Donald Trump has been tweeting more than ever in recent months and is also moving financial markets more, according to a new report by JPMorgan Chase that analyzed the US president’s Twitter habit.

The report unveiled a new “Volfefe” index that measures volatility after presidential tweets and said Trump’s market-moving missives on trade and monetary policy surged in August, exacerbating volatility in the bond market.

Analysts studied movements in the 10-year US Treasury market at a variety of intervals, including one minute, five minutes and one hour.

“By this metric, ‘market-moving tweets’ have ballooned in frequency this August,” the report said. “Importantly a few episodes have been associated with a sharp rise in implied volatility.”

The name of the index is a riff on a Tweet from May 2017 that mentioned “covfefe,” which is not a word. Trump has sometimes been called the “Tweeter in Chief.”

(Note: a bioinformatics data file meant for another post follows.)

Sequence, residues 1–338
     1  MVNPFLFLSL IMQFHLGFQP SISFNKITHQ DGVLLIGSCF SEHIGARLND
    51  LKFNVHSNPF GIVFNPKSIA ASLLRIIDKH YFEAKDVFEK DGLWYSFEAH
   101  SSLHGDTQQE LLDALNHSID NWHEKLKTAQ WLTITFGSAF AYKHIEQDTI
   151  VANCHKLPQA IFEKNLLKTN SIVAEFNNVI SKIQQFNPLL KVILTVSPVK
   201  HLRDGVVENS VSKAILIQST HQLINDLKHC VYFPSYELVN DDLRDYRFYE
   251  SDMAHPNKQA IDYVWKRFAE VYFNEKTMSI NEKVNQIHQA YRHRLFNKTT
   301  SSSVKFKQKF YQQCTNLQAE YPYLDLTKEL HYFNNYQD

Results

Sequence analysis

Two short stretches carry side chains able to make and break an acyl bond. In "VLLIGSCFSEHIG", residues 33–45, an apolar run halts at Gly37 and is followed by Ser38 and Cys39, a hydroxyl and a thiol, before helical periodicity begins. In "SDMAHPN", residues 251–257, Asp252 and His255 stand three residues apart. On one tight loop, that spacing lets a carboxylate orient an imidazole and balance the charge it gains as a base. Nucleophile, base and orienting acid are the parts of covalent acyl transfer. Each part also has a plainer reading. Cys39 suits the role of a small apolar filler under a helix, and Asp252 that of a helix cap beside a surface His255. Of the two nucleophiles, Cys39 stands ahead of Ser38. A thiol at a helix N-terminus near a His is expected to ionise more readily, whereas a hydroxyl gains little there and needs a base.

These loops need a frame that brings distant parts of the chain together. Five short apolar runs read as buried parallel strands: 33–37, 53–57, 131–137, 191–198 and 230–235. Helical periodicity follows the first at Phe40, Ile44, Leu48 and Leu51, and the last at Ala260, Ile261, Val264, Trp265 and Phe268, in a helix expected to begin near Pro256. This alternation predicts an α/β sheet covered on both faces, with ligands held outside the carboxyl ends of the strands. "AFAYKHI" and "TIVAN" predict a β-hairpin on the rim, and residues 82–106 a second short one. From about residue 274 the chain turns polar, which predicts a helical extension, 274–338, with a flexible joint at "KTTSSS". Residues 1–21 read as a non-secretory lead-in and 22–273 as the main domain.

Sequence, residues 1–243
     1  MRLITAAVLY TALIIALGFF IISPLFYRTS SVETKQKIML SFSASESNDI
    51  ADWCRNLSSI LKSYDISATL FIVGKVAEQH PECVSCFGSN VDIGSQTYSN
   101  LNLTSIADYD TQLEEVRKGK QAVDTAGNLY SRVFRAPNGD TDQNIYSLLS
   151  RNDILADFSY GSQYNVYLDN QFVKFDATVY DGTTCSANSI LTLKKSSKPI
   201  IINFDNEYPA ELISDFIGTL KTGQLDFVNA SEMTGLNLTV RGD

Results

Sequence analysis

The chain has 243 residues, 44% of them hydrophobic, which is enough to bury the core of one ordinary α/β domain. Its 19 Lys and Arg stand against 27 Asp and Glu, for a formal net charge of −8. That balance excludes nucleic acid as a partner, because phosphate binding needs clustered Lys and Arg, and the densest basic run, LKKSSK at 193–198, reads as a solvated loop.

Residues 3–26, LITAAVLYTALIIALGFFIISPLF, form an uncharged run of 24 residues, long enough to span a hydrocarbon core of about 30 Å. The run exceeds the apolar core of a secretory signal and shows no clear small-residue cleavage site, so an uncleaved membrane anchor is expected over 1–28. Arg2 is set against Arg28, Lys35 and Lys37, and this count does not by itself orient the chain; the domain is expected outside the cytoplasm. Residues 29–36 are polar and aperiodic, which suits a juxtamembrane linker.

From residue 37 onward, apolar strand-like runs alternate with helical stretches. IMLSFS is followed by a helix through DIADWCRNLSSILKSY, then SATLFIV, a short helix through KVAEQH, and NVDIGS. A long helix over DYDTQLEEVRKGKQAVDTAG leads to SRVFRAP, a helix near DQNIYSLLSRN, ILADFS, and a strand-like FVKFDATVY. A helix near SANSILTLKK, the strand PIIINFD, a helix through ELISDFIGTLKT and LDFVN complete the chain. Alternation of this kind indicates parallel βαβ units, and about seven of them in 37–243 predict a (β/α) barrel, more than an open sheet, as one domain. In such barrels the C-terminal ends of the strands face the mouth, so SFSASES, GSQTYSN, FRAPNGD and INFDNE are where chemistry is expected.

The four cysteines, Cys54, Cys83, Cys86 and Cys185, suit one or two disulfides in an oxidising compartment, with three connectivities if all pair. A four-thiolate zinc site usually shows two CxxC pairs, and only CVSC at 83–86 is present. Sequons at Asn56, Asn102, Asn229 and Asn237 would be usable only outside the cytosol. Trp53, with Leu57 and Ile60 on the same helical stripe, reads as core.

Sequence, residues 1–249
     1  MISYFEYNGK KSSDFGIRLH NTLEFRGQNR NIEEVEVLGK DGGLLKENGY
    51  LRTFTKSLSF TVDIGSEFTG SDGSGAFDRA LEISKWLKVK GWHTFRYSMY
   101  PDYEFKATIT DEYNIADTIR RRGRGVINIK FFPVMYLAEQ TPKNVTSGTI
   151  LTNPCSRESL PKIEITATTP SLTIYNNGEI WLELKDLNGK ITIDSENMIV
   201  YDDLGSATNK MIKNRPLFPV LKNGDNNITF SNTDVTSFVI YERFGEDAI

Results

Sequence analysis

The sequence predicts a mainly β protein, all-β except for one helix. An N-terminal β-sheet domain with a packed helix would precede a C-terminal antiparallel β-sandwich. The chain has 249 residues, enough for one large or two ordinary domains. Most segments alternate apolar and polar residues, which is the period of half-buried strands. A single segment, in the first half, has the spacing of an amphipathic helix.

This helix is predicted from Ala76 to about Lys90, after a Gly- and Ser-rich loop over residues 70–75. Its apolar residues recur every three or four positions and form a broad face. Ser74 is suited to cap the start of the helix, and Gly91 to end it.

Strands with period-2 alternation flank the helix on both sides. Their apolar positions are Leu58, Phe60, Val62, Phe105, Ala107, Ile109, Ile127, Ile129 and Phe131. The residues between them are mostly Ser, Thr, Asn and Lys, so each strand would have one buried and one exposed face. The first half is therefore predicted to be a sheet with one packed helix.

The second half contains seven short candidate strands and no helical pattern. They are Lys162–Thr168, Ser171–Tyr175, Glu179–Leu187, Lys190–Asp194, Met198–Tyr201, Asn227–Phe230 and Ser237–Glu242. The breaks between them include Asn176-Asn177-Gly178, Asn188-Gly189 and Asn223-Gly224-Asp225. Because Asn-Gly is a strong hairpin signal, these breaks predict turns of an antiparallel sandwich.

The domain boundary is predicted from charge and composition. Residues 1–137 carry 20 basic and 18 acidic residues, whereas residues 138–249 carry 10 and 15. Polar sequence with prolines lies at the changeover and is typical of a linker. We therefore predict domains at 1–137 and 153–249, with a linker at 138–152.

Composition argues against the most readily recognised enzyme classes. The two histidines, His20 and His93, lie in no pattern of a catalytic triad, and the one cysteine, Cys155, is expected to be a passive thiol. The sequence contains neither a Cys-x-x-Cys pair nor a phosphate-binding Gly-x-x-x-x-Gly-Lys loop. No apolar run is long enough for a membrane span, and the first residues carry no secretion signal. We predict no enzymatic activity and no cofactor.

Market-moving tweets tend to receive fewer “likes” and retweets than Trump’s other tweets, the report said. Top market-moving words include “China,” “billion” and “products,” followed by “dollars,” “tariff,” and “trade.”

The report did not analyze individual tweets during August, which was also a rocky period for the stock market due to the escalating US-China trade war and an inversion of the US Treasury yield-curve, often a harbinger of recession.

August Trump tweets included the shock announcement on August 1 that the US would impose new tariffs on $300 billion of Chinese goods, as well as a series of escalating attacks on Federal Reserve Chair Jerome Powell.

Trump blamed the Fed chief for the inverted yield curve on August 14 and questioning whether Powell was a “bigger enemy” than Chinese leader Xi Jinping on August 23.

The JPMorgan report observed that Trump has maintained “a remarkably consistent daily presence” on Twitter since taking office, averaging more than 10 tweets a day.

“The highest volume of tweets over the past four years has in fact come in recent months,” the report said.

However, the faster pace of tweets is partly accounted for by retweets of messages sent by others, according to the report.

AFP